Review: Outmatched 1×1 (US: Fox)


In the US: Wednesdays, 8.30/7:30c, Fox
In the UK: Not yet acquired

The trouble with not being a genius – at least if you’re a writer writing about genius – is by definition, you’re not smart enough to work out what it must be like. Sherlock Holmes can imagine himself into the minds of lesser people; lesser people cannot imagine the thoughts of Sherlock Holmes.

Hence Elementary.

Interestingly, what seems to happen as a result is that the lesser people – let’s call them writers – imagine there must be a fundamental problem with the genius that renders them in some way lesser to the writers. The writers become the geniuses, as do their audiences.

This common failure of imagination usually manifests itself in the idea of inferior social understanding. Gosh, smart people must be really bad with other people who aren’t as smart as them, hey? Men, women, boys, girls – they may know one end of a microscope from another but can they tell when someone’s upset with them? No, of course not. Not like us regular, writer types.

Witness Numb3rs and Scorpion, for example. And now Outmatched.

Smart is so stupid

Outmatched‘s interesting but misused concept is that a regular couple in Atlantic City – American Pie‘s Jason Biggs and Psych‘s Maggie Lawson – have a gaggle of genius children (as well as one regular child). Goodie – gifted children?

Not really. Apparently, it’s a nightmare because the kids are always competing with one another to see who’s the smartest, they can easily outsmart their parents and they’ll sometimes try and take their parent’s blood while their sleeping for experiments.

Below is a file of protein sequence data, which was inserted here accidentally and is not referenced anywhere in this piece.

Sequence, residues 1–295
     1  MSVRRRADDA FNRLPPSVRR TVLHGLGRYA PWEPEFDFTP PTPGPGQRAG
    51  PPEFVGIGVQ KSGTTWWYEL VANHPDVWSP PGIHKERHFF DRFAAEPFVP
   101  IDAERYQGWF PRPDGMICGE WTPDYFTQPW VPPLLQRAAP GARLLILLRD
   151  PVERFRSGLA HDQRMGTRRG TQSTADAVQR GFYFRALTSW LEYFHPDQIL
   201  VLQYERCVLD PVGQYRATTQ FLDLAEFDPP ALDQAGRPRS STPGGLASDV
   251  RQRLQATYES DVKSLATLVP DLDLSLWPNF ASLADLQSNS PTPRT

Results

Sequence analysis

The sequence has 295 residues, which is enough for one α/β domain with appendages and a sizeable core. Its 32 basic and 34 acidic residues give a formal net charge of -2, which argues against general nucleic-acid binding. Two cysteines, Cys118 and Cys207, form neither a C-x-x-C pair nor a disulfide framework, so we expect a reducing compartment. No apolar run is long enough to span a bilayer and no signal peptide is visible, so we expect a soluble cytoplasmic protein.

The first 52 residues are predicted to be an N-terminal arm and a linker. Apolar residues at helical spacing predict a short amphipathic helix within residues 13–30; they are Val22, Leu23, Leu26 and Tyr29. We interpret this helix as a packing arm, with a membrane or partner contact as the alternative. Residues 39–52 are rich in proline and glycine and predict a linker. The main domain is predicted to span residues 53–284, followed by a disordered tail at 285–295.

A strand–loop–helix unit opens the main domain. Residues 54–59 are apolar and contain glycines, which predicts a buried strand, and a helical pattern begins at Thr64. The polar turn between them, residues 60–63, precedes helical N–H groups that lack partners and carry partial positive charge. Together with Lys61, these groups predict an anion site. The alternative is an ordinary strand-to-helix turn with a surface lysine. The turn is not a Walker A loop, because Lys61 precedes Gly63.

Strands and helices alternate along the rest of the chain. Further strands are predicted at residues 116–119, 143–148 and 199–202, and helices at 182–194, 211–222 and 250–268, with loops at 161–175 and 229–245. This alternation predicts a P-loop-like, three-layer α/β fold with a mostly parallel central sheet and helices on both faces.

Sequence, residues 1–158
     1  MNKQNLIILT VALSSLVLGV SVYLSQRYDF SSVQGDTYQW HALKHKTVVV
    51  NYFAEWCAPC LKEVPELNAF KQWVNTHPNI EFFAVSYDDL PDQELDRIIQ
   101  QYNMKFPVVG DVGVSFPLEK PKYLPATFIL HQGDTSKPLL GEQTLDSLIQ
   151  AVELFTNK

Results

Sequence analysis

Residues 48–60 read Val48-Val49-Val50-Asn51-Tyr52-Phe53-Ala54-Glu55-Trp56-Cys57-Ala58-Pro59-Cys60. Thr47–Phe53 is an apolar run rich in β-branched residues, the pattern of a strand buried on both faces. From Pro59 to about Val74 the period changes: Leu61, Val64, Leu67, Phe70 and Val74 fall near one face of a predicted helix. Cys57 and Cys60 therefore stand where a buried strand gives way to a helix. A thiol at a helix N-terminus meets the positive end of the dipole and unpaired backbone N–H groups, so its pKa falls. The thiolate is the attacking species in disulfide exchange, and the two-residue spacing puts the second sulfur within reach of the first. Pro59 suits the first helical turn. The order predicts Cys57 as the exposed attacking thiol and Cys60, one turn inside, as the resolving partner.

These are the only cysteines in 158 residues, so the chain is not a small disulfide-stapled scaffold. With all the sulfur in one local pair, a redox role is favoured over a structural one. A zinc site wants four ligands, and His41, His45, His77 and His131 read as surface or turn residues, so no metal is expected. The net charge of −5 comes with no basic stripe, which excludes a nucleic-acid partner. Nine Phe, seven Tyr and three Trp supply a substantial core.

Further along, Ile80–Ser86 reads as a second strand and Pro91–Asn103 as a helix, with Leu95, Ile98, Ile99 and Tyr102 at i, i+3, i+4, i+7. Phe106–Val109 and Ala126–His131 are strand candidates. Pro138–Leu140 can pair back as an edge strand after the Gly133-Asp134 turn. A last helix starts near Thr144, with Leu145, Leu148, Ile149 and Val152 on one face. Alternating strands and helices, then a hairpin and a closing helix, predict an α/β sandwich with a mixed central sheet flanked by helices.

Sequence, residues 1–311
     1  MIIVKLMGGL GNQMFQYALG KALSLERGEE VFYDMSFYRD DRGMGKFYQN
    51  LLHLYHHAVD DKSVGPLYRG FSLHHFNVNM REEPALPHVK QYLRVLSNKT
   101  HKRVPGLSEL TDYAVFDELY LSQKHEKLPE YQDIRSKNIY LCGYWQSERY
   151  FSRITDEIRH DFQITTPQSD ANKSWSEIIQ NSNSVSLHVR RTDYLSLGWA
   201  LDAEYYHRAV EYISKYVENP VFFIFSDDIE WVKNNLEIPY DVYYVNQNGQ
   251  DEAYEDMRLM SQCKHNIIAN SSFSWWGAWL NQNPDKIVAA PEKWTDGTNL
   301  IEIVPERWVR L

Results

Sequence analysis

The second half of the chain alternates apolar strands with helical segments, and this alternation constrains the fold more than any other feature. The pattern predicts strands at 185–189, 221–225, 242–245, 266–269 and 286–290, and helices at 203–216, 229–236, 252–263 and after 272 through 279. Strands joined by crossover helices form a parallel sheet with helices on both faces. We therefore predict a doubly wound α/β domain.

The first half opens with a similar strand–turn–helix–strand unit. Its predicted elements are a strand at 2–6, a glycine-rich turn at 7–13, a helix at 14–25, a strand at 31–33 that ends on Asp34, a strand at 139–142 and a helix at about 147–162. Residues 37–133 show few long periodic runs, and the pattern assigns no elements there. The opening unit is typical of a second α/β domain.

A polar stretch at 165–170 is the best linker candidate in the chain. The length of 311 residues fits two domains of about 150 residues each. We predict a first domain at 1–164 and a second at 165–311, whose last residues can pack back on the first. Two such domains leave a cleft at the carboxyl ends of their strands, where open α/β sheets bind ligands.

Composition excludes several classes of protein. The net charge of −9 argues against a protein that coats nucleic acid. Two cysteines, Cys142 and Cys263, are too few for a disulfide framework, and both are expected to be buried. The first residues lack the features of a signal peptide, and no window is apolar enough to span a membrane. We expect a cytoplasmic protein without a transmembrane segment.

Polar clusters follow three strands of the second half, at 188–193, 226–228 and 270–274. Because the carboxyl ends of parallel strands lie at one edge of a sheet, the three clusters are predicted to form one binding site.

Sounds more like sociopaths than children with a gift for gastronomical science, as the show suggests. Did no one else watch Head of the Class when they were growing up?

Social stupidity

The first episode is our introduction to the family, including their unnuanced ‘genius’ children, as the parents learn their latest child is a genius. Largely, the jokes are about how stupid the parents are, while the plot is more concerned with how socially lacking they are.

This is the sort of the thing that stems from the bottom end of the writers gene pool: “How could we not know when our mother’s birthday is?” queries eldest daughter.

Good question. You’re a genius. You’ve celebrated it every year before then, presumably. How come you can’t remember it now?

Oh yes, because it’s the writers who are the dumb ones. Or think the audience are.

I’m having a Richard Jeni moment again.

It’s not your show

Lawson and Biggs do their best with their self-pitying jokes and their constant ‘war’ with their children for dominance. They’re not helped by the presence of a ‘live studio audience’, removing any real hint of subtlety from proceedings.

But there’s nothing really there to work with. Sure, it’s a sitcom, but you can still have smart kids doing smart things that baffle their parents, without having to resort to the standard clichés. Be original, guys.

All I can say is that if you want to do genius kid comedies, either stick with reruns of Head of the Class or even It’s Your Move.


  • Rob Buckley

    I’m Rob Buckley, a journalist who writes for UK media magazines that most people have never heard of although you might have heard me on the podcast Lockdown Land or Radio 5 Live’s Saturday Edition or Afternoon Edition. I’ve edited Dreamwatch, Sprocket and Cambridge Film Festival Daily; been technical editor for TV producers magazine Televisual; reviewed films for the short-lived newspaper Cambridge Insider; written features for the even shorter-lived newspaper Soho Independent; and was regularly sarcastic about television on the blink-and-you-missed-it “web site for urban hedonists” The Tribe. Since going freelance, I've contributed to the likes of Broadcast, Total Content + Media, Action TV, Off The Telly, Action Network, TV Scoop and The Custard TV.

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